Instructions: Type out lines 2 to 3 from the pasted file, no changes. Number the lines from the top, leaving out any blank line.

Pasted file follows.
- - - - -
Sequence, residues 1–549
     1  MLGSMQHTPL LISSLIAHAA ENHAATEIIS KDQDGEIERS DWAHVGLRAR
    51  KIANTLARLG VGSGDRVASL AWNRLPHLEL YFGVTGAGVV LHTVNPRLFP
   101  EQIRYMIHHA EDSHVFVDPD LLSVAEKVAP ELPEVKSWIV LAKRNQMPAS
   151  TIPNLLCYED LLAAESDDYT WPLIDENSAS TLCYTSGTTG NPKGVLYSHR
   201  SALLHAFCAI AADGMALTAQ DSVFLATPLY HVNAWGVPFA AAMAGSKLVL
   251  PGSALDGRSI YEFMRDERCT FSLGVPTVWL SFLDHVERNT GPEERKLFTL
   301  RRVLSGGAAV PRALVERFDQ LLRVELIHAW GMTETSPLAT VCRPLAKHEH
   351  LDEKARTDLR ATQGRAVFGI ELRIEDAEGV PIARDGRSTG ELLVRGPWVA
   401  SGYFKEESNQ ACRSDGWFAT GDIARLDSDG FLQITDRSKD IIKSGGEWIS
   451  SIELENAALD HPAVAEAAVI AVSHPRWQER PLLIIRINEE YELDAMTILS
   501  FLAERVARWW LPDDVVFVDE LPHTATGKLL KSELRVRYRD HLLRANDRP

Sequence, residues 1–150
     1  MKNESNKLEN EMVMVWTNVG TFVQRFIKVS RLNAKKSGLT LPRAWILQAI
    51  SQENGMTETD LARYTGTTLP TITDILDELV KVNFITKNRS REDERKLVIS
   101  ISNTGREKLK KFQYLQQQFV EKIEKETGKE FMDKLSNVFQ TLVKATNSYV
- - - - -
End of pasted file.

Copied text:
     1  MLGSMQHTPL LISSLIAHAA ENHAATEIIS KDQDGEIERS DWAHVGLRAR
    51  KIANTLARLG VGSGDRVASL AWNRLPHLEL YFGVTGAGVV LHTVNPRLFP